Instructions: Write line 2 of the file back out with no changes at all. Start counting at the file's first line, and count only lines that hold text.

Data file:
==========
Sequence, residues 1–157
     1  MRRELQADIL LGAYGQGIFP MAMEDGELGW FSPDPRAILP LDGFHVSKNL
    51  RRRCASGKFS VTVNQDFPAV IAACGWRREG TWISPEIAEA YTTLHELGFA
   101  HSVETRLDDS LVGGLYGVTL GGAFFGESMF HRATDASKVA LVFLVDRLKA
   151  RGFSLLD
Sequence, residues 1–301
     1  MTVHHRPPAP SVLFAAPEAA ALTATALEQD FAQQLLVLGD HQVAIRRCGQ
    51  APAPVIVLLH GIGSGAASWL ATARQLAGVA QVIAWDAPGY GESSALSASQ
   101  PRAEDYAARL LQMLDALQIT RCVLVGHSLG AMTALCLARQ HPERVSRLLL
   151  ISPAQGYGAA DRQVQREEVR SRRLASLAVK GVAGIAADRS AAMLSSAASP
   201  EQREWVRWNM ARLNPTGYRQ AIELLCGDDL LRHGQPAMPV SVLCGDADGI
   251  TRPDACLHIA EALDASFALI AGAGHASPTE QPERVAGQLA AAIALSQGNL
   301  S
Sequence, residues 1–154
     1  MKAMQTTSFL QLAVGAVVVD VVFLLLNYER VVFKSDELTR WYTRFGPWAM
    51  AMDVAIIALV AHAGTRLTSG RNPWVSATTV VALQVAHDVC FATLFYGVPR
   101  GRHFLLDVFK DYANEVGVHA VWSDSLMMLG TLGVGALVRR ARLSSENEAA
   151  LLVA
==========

     1  MRRELQADIL LGAYGQGIFP MAMEDGELGW FSPDPRAILP LDGFHVSKNL